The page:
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Baker's Dozen

Central To Process: Justin Broadrick's Favourite Albums
Kate Hennessy , October 16th, 2014 15:08

In a piece originally commissioned by The Bug's Kevin Martin, Justin Broadrick follows the release of Godflesh's new album A World Lit Only By Fire by taking a new spin on the Baker's Dozen format and talking Kate Hennessy through his current listening favourites


Disorder - Distortion To Deafness
Gnarly, shambolic piece of UK punk from 1981. I've had a love affair with their first two EPs, I got them when they came out. I didn't like their records after that, they sounded a bit too … fun? But those first two records are really screwed up and it was my intro to punk and to music being extremely chaotic and shambolic. I was very much a punk rock kid and the way they used feedback and noise I found intriguing because no punk band before had exploited noise in that fashion. It wasn't intentional or like they were listening to power electronics or any of that shit... as far as I'm aware they weren't.

They are an example of Bristol punk rock from that time, a lot of that movement was fuelled up on too much booze and glue - that was Britain. That's where the crust punk scene was born, bands like Disorder and Amebix and Chaos UK. There was griminess to that scene I loved, I love Amebix, they sounded like Crass playing Killing Joke which was a wonderful proposition to me as a kid. There was something captured in those first two records - they sound utterly nihilistic. They can barely play, it's the opposite of being technically gifted. It obviously captures a period too.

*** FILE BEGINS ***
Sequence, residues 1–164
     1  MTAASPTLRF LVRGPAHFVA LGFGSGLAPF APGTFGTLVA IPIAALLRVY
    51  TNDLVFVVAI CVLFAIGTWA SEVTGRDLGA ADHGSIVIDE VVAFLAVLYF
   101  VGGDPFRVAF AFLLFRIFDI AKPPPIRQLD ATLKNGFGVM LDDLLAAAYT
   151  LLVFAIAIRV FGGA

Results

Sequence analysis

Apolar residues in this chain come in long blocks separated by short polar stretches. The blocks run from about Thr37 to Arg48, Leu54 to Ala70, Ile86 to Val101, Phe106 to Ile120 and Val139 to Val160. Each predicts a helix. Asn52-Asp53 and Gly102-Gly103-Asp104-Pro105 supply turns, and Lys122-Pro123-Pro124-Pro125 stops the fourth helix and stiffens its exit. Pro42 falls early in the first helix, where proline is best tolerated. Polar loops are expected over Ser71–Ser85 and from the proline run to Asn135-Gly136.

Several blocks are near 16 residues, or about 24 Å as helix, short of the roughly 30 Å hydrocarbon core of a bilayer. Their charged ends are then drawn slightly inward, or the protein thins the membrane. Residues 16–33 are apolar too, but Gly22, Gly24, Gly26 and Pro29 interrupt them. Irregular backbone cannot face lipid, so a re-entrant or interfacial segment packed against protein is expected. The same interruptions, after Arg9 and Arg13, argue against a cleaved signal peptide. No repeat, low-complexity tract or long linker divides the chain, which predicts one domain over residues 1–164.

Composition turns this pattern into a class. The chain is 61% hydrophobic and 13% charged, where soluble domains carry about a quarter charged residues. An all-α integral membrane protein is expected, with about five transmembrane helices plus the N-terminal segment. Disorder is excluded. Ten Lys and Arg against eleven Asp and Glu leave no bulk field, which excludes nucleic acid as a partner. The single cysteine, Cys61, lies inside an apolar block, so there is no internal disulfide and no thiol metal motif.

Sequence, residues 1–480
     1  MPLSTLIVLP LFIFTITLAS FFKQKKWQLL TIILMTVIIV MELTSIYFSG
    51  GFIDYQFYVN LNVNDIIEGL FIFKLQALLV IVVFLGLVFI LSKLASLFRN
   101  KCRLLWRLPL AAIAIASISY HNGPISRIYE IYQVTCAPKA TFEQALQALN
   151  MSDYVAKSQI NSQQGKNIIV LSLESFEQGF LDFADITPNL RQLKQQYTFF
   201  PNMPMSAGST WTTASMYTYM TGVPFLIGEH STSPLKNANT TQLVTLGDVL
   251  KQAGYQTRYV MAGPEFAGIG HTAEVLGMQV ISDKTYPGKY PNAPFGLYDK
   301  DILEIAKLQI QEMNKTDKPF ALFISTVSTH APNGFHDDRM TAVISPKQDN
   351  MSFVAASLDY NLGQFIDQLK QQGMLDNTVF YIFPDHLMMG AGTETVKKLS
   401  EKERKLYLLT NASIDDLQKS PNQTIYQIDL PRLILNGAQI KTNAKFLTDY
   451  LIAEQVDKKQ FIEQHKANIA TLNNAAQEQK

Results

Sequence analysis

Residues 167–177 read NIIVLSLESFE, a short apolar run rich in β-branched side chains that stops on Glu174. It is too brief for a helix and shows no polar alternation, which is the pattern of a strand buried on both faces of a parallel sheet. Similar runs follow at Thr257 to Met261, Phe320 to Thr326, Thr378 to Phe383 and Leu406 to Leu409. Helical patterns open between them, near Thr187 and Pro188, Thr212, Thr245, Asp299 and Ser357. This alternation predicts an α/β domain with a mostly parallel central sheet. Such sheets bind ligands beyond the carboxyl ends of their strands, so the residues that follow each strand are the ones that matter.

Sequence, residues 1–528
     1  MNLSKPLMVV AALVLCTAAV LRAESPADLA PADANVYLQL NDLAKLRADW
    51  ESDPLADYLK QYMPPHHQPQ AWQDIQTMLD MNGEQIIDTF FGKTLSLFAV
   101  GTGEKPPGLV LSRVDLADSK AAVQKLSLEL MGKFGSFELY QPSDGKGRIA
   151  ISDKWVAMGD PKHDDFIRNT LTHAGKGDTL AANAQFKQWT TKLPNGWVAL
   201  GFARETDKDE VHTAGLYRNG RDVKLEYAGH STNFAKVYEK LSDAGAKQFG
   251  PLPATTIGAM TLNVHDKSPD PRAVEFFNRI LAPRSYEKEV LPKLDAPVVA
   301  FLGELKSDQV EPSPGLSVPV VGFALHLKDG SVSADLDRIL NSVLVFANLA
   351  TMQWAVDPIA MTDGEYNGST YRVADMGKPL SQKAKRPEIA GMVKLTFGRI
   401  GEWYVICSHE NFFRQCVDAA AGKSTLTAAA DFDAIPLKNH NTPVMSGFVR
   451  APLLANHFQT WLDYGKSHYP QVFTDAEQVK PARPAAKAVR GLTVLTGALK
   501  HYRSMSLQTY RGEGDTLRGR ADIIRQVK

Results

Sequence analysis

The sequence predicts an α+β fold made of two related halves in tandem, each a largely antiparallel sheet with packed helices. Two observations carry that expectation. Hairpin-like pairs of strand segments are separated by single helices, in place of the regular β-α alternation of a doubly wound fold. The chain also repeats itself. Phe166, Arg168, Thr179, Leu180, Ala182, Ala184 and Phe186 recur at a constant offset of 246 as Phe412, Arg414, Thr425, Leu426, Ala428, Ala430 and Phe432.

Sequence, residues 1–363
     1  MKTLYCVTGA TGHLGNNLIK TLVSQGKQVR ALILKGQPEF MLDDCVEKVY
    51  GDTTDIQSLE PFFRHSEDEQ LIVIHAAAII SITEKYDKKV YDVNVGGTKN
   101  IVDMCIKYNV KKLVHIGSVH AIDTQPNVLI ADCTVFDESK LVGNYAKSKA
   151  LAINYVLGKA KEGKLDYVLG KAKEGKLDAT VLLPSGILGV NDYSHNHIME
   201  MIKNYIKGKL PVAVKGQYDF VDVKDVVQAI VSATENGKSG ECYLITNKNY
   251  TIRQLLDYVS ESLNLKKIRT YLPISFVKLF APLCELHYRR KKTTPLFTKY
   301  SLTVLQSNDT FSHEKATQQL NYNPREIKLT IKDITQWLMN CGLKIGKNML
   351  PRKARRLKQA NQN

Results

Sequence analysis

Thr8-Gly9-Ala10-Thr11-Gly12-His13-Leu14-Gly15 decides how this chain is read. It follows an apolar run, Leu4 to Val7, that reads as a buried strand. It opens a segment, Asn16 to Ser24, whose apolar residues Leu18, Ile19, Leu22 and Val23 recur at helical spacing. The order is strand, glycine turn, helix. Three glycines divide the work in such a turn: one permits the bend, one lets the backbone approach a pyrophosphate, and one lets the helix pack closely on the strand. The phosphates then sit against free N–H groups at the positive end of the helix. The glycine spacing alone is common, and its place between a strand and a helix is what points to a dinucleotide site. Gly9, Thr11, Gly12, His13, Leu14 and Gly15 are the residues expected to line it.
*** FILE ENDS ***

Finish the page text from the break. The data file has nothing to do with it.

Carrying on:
Massappeal? Yeah, I had a couple of things on tape in the mid-80s by Massappeal. Mostly because I was into tape trading culture. With Napalm Death, literally no band escaped us. There was a lot of Australian stuff I was into, I was obsessed with Cosmic Psychos in the late 80s, and one of my big, big loves, who I still love, was The Scientists. Untouchable. Not a month goes by when I don't talk about The Scientists. I say, "You know The Birthday Party of course?" and I go from there.

My shed, as opposed to being full of gardening equipment, is full of bin liners with dusty old cassettes from the 80s so I'd have it there. I can see it now, a tape with Massappeal on it, and "AUS" in brackets. When I was in Napalm Death and obsessed with hardcore punk, we were obsessed with the international culture, so it was even more exciting to us if it was like, "This is Massappeal from Australia and they play thrash"; that was more exciting than, "This is thrash from down the road". It was like, "This is cosmopolitan, this is exciting, fucking thrash there too!" We'd read about it in Maximumrocknroll, there'd be a scene report from every country and we'd pore over it. A new hardcore band in the outer Himalayas who play for three people who sound like fucking early Flipper? We'd go: "wow". We had a vested interest in the most obscure hardcore bands out there.